BRADENTON -- Last Friday, local leaders united to decry the Florida Department of Corrections announcement to close two highly successful inmate re-entry programs. Manatee County Commissioner Robin DiSabatino spoke to the group pleading that, "closing 'The Bradenton Bridges' is wrong."Commissioner DiSabatino wasn't alone. At Tuesday's special workshop, Manatee County Commissioners searched for other options.
The Florida Department of Corrections (FDC) has plans to close two inmate re-entry programs amid heavy opposition. The "Bradenton Bridges" and the "Broward County Bridges" inmate re-entry programs are the ones targeted by the FDC and some legislators for elimination. According to The FDC website, sending the 332 inmates currently in the program back to prison will cost the state's taxpayers over a million additional dollars. So why wouldn't this budget-crunching Governor pull out his line-item-veto pen with pride, and save the programs?
In Florida, there are up to 40,000 inmates released back into society every year on the day their sentence is up. A bus ticket, a $50 bill and the clothes on their back is what they leave with. Those suffering from drug problems, psychological impairments and/or just have nowhere to go are expected to get their act together. Trouble is, most have little help to make that a reality. Statistics show that without help, many more will be back on the state's dime than those who participate in re-entry programs like Bridges.
At the BOCC workshop, Karen Windom from Manatee County Natural Resources said, "I think we have seen the successes of this program." She later added, "It doesn't serve anyone well to stop this program and put those in it back in jail."
Commissioner DiSabatino was in Washington D.C., but attended the meeting via the internet. She said, "We are behind the eight ball. So, focus is on the Governor and the line-item-veto."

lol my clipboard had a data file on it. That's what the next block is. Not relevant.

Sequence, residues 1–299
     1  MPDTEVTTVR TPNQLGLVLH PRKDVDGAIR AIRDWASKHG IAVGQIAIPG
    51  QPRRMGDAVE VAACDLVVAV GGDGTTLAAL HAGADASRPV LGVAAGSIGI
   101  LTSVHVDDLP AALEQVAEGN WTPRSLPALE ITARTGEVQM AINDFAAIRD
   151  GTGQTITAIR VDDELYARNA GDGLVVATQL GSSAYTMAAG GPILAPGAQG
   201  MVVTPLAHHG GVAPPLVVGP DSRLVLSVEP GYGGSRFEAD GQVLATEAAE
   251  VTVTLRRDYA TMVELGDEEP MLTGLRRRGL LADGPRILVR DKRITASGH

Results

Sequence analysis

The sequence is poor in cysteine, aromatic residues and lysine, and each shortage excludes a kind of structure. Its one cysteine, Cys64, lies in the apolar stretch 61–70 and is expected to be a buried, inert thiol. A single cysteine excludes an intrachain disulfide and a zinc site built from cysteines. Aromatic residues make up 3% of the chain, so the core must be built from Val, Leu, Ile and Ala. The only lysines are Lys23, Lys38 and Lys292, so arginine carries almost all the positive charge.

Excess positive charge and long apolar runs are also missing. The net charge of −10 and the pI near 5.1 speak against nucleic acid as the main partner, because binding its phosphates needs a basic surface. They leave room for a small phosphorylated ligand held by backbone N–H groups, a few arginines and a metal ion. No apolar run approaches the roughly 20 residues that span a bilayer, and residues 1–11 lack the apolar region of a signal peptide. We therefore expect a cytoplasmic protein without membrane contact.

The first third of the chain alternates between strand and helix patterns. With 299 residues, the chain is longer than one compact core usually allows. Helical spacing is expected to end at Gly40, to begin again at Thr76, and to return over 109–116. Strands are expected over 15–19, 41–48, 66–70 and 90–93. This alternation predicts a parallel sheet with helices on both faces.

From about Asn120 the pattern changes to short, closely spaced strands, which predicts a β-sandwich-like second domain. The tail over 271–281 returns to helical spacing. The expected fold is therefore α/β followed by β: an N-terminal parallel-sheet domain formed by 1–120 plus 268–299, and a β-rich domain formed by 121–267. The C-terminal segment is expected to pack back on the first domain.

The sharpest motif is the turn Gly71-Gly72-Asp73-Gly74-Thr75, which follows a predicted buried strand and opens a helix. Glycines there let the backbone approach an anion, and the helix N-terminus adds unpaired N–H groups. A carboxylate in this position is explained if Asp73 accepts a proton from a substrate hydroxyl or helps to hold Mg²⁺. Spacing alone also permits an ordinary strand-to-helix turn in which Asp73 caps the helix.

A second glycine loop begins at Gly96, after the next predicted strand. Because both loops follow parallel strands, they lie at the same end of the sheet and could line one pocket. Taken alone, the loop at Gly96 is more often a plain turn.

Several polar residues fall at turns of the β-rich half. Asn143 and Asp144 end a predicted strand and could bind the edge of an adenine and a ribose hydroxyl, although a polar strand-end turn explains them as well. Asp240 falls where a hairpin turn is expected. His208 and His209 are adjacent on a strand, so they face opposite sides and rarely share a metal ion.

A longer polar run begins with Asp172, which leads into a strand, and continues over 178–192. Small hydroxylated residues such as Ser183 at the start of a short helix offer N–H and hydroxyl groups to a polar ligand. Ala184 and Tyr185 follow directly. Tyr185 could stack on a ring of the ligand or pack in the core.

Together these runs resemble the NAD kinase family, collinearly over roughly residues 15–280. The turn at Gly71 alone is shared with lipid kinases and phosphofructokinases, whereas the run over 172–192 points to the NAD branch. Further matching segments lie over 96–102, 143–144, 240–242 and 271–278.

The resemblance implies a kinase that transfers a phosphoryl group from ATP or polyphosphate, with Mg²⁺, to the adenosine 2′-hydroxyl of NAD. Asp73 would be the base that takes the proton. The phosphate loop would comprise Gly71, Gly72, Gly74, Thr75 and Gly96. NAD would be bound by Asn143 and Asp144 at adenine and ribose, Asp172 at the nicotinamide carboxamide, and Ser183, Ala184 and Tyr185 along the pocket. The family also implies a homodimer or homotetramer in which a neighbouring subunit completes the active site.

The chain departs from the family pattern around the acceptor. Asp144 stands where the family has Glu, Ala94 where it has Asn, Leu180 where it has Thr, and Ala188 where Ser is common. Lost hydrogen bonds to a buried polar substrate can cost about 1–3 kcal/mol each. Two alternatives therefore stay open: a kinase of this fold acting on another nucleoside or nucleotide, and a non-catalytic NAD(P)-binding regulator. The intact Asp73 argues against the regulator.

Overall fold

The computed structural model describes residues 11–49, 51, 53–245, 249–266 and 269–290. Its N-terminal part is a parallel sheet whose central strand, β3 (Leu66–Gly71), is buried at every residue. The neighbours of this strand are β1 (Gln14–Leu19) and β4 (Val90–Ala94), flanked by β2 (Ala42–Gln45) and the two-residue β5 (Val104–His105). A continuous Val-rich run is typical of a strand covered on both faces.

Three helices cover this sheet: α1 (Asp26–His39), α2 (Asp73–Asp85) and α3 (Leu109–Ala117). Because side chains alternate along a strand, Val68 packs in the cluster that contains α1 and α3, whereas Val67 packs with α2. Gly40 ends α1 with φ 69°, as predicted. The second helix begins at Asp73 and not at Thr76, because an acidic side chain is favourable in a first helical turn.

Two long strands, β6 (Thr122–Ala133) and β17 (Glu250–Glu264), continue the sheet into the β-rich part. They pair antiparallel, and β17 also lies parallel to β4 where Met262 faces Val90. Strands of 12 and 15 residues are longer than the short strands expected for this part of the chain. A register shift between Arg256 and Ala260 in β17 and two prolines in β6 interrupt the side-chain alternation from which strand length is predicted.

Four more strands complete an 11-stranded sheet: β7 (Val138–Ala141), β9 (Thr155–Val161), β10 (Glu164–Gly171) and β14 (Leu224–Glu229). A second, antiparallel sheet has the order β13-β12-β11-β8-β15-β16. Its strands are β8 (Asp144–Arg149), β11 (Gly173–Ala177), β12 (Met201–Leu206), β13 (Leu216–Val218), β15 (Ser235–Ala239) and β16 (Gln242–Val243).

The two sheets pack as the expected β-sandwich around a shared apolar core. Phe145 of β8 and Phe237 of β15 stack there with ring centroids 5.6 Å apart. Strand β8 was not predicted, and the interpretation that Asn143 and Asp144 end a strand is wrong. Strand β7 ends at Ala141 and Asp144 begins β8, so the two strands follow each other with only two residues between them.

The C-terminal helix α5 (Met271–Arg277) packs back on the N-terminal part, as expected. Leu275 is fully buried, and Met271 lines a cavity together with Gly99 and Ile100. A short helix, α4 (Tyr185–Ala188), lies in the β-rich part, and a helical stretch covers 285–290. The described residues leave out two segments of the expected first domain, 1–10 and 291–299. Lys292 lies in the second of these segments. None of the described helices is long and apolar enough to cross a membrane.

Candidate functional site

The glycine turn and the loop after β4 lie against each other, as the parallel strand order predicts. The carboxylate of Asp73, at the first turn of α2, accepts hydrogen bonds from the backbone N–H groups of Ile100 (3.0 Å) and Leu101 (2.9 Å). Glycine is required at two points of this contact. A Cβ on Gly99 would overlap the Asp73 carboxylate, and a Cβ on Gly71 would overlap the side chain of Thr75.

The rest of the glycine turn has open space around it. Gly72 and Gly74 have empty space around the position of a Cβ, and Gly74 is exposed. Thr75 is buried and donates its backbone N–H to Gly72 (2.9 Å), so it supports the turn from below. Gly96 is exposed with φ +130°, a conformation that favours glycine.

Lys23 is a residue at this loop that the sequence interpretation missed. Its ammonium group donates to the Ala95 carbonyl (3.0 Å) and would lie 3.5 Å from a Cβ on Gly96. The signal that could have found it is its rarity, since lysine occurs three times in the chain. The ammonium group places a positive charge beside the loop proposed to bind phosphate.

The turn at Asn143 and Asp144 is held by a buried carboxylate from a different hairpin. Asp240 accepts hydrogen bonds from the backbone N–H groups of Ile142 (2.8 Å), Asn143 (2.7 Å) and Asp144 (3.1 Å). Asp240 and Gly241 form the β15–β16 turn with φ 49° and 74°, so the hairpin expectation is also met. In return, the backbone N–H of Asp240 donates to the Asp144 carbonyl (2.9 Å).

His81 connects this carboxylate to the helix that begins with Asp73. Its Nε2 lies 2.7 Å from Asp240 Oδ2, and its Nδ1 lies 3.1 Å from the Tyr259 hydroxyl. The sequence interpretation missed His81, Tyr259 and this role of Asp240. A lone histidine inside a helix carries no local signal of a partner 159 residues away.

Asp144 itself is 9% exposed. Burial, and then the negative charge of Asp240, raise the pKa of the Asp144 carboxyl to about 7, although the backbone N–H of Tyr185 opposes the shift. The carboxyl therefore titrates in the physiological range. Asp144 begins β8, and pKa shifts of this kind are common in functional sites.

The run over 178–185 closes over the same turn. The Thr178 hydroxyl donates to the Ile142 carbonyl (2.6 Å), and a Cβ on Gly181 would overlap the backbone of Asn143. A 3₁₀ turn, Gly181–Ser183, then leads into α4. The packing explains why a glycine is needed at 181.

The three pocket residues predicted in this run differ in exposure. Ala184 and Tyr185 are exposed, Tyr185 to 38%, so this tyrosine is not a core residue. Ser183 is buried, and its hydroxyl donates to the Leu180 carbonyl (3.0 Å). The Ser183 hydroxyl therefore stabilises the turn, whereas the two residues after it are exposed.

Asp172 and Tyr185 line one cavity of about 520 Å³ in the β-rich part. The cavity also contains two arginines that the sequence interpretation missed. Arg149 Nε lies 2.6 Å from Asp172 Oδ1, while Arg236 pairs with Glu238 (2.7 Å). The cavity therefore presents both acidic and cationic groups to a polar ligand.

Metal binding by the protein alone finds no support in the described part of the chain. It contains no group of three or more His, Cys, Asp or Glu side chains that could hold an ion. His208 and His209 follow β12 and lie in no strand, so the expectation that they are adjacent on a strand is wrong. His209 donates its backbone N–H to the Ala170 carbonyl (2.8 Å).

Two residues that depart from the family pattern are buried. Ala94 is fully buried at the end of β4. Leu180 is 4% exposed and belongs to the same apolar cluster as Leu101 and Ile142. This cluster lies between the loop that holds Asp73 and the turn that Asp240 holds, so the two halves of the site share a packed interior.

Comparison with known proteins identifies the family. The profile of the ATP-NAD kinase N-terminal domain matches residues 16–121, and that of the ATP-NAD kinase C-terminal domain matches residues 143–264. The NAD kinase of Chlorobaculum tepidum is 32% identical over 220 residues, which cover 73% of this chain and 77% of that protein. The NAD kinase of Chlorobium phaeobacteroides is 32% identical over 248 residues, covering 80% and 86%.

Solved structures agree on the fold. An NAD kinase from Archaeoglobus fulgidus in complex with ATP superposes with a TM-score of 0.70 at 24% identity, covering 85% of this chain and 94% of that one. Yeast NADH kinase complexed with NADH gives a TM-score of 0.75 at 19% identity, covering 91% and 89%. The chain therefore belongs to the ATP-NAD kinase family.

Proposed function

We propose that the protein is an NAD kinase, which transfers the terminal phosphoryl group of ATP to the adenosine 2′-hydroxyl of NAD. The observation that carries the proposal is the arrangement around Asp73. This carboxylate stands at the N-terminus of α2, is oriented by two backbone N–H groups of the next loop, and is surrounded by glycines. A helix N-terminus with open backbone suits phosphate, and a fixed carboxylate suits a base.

Commissioners felt there was little they could do other that make calls to Tallahassee and wait to see what Governor Scott will do. Commissioner Carol Whitmore said , "We need to have a Plan B." Commissioner Bustle then suggested, "We shouldn't let it compete with other services," adding, "not only is the program cheaper, it keeps from having to expand."
Not closing the two facilities will protect 70 private sector jobs, save the state over one million dollars a year in revenue, reduce the recidivism rate, create safer communities, have fewer victims and help to put hundreds of new productive taxpaying workers back into the communities.
Bradenton Mayor Wayne Poston said, "It is essential that the Bridges Transition of Bradenton facility remain open. Not only does the program provide invaluable life-skills benefits to the participants, the presence of Bridges has a measurable and positive impact on Bradenton."
Many feel that if the Governor ignores all of the beneficial factors in keeping the two facilities open, it will just be another ploy to push his "prison privatization" agenda. Private prisons have no incentive to rehabilitate those incarcerated, because return customers translate into more profits.
If the Governor does cancel funding for the two facilities, those supporting Bridges will have until March 31 to secure funding, and that would most likely have to come from a federal grant.
For those who wish to support the Bridges program, they can contact FDC Secretary Ken Tucker and Governor Rick Scott, and let them know that communities have a right to make their neighborhoods safer.
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